This course surveys classical music developed in Europe and in the United States during the twentieth and twenty-first centuries. The class begins by untangling the confusing, and often conflicting, terminology associated with “modernism” and “post-modernism.” It then explores these concepts in practice by addressing the conceptual, stylistic, and geographical shifts that have influenced western classical music. This course concludes with a discussion about the future of classical music.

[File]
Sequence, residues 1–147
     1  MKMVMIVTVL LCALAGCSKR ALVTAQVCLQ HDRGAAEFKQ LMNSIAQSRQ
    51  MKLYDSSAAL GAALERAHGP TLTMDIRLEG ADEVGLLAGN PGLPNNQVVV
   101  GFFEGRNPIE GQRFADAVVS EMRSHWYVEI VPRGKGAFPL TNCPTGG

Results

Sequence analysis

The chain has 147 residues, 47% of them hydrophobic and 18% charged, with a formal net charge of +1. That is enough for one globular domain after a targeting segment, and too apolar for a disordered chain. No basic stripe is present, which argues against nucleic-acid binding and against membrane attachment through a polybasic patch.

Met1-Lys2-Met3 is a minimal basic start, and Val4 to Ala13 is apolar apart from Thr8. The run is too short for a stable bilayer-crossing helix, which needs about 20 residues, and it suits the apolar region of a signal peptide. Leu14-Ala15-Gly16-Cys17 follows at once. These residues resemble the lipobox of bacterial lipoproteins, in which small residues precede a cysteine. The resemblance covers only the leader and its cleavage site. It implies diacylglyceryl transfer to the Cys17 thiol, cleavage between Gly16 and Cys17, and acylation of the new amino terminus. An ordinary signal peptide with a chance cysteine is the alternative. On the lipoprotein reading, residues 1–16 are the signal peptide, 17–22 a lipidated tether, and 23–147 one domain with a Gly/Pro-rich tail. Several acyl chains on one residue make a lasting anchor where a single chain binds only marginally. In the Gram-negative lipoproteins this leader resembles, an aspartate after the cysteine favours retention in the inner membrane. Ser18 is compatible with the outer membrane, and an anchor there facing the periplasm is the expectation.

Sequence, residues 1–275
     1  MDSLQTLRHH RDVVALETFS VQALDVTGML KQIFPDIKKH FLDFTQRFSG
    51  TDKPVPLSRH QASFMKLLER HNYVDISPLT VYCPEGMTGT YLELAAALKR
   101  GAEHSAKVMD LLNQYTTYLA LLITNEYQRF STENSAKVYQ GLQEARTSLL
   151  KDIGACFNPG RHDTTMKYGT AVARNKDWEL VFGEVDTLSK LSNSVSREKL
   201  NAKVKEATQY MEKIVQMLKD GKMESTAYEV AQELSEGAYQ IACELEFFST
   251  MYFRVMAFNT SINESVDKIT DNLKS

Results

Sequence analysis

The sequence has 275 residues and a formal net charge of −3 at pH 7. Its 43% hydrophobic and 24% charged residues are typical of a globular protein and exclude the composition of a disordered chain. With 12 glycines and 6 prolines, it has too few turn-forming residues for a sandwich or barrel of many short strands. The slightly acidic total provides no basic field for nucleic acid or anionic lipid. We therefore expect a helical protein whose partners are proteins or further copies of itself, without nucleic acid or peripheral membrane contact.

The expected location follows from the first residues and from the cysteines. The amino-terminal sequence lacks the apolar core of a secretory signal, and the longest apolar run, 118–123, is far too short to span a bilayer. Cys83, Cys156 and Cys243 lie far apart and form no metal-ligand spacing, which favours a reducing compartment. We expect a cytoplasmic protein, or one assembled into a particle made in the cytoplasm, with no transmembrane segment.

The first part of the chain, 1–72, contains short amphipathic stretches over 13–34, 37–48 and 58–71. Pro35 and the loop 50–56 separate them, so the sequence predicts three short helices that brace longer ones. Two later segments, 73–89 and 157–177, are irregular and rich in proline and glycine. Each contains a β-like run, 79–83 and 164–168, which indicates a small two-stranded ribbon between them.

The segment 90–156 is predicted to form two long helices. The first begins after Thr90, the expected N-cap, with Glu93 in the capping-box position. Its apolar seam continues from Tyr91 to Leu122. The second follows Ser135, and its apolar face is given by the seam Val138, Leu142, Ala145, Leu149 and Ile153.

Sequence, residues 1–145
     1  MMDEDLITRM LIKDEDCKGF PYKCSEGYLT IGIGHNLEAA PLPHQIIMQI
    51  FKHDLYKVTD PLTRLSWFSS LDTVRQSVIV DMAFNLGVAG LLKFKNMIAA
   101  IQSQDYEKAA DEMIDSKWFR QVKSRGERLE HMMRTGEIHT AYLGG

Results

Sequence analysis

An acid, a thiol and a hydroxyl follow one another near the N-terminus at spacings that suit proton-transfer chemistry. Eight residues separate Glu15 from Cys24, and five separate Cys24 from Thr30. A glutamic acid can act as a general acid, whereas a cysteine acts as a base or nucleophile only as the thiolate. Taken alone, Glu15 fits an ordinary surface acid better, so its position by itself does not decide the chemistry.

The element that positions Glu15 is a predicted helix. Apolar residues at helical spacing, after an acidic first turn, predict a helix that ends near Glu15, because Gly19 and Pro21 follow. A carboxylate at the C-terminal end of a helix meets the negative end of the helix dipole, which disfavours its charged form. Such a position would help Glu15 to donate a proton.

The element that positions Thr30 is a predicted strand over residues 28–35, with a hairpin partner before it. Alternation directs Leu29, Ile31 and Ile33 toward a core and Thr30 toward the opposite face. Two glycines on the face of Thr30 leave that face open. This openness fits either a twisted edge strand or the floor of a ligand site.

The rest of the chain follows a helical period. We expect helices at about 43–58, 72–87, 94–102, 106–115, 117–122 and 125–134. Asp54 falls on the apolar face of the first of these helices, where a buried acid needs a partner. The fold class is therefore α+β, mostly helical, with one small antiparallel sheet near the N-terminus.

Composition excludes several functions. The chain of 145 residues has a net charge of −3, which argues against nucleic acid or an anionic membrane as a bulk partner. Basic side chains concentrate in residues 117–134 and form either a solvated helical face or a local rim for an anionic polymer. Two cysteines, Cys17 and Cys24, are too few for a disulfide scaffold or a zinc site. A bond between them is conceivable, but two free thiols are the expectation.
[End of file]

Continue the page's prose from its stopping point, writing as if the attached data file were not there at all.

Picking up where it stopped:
In this course, students will study the movements and stylistic schools of nationalism, neo-classicism, twelve-tone music, serialism and experimental music. They will also learn about contemporary practices such as minimalism, computer music, and even the work of our own active college composers. Over the course of the semester, students will be exposed to the music of composers such as Debussy, Ravel, Mahler, Copland, Cage, and members of the Second Viennese School.
MUS 313 is not open to students who have taken MUS 213.